UK: one in three aged care homes has failed official inspections

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The UK Care Quality Commission has found 32% of the 4,000 aged care facilities in England are inadequate or in need of improvement, according to The Guardian.

Another 37% have been told they need to improve their safety with only one in 50 services achieving the top rating of “outstanding” after the checks, which have taken the CQC nearly three years to complete.

Worryingly, some services were even downgraded after re-inspection. Of 1,800 facilities inspected more than once since 2014, 26% were downgraded from “good” to “requires improvement” or inadequate”.

The report will place further pressure on the UK Govt, which has cut spending on social care by £6B in England since 2010.

Our aged care facilities often come under fire in the media here over reports of abuse or neglect, but you tell us: where would you rather be?

Under the inspections, all of England’s ‘social care services’ were judged on a number of grounds: safety, effectiveness, whether they are caring, if they are responsive and quality of leadership.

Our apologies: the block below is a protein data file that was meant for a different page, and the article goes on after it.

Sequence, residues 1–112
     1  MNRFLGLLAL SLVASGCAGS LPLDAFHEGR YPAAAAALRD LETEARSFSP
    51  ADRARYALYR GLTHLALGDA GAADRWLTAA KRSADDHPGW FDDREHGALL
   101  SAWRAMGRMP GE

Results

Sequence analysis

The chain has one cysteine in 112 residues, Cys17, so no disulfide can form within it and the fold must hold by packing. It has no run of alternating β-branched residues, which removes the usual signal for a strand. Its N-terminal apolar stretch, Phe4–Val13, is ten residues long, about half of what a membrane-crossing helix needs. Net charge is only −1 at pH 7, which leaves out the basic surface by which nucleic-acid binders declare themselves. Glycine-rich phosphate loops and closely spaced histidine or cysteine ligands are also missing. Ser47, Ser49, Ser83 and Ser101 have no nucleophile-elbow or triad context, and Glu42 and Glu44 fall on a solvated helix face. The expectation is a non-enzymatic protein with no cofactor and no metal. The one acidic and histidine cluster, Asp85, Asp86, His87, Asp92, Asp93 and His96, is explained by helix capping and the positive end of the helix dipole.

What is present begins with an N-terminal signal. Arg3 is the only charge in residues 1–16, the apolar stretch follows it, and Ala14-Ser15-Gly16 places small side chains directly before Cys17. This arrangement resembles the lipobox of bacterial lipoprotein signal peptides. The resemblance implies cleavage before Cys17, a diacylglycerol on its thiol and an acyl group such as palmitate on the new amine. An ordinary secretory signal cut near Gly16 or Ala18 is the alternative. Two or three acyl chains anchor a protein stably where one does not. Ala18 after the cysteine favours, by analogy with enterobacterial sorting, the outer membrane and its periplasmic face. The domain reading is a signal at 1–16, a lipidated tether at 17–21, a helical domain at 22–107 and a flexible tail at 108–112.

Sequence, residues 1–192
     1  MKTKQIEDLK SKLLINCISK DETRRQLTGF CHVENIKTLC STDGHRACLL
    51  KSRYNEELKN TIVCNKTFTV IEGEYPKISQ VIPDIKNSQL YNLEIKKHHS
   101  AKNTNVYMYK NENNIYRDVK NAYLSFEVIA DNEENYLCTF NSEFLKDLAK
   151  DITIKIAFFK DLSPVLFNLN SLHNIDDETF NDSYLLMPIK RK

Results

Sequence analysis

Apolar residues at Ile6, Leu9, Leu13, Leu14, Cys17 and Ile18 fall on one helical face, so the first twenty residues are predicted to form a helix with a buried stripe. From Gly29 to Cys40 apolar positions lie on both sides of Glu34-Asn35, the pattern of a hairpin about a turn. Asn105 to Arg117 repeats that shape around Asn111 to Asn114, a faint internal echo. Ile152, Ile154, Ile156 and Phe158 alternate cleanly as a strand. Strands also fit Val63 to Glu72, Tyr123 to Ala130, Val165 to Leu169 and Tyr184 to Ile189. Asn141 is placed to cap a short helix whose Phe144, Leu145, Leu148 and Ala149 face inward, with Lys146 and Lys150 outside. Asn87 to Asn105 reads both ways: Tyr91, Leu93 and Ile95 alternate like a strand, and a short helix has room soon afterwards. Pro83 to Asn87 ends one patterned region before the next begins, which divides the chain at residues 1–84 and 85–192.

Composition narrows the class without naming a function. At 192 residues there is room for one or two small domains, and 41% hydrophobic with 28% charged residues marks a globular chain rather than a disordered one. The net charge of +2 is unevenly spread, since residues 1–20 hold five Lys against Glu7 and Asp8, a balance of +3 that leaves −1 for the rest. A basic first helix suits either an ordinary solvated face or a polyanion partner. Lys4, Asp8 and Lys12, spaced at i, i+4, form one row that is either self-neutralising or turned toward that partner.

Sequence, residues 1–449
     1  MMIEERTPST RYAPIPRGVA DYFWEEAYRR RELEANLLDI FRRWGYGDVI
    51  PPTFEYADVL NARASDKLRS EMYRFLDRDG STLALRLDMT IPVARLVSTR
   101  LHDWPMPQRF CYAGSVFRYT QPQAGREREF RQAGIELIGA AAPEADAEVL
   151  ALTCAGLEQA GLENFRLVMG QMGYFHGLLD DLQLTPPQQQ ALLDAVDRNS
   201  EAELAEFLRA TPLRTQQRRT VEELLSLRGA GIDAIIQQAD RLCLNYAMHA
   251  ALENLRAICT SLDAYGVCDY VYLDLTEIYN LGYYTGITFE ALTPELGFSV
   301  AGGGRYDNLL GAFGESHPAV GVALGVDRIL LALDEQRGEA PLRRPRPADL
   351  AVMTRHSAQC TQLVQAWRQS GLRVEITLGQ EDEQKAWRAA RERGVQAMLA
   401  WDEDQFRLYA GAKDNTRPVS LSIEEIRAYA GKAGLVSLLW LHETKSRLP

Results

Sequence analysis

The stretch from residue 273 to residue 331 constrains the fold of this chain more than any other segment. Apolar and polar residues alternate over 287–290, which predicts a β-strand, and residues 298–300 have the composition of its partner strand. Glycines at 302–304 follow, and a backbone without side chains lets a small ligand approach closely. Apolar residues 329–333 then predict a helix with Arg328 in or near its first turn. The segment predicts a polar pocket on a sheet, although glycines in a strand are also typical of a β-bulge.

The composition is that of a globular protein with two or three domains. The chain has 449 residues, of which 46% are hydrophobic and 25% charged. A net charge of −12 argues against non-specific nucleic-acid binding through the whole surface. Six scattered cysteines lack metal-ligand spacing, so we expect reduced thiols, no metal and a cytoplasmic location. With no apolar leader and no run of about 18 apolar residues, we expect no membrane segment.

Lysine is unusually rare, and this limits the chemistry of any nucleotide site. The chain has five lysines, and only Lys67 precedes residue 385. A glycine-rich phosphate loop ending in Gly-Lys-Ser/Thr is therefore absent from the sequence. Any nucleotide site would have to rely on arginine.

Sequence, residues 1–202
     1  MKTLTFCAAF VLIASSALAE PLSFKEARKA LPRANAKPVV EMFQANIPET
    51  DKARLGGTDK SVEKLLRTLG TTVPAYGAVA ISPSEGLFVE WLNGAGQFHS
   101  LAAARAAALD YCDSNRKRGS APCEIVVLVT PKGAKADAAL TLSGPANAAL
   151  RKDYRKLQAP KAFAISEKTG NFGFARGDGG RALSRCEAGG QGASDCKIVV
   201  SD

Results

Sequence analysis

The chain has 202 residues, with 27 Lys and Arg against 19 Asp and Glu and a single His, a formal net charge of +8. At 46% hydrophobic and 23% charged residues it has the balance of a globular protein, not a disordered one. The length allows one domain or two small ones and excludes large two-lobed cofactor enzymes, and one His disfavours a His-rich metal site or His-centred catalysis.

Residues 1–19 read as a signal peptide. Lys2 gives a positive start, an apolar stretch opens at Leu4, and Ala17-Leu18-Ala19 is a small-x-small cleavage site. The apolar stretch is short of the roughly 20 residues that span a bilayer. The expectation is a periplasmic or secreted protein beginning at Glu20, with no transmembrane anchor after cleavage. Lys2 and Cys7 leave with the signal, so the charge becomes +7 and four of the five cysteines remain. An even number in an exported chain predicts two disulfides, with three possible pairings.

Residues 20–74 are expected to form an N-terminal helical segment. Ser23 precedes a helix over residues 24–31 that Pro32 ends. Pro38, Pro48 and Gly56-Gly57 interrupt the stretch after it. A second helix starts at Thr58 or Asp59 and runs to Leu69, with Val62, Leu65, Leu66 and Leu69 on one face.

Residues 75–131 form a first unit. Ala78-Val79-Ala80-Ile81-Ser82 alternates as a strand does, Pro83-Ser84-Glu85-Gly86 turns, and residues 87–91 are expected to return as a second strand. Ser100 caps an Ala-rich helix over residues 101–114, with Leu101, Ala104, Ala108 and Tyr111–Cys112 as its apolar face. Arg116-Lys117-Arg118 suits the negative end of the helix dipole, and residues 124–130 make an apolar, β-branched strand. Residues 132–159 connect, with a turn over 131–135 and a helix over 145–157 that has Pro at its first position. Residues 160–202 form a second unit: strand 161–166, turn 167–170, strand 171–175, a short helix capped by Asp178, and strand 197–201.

Aged care homes fared the worst, with services grouped as “community social care” – home care services that offered sheltered housing or delivered care and support into people’s homes – coming out on top.

Andrea Sutcliffe, the CQC’s chief inspector of adult social care, now says aged care is “approaching its tipping point”.

“Many of these homes are struggling to recruit and retain well-qualified nursing staff and that means that this is having an impact on delivering good services to people who have got very complex needs,” she said.

What will happen next?

You can see the full report here.


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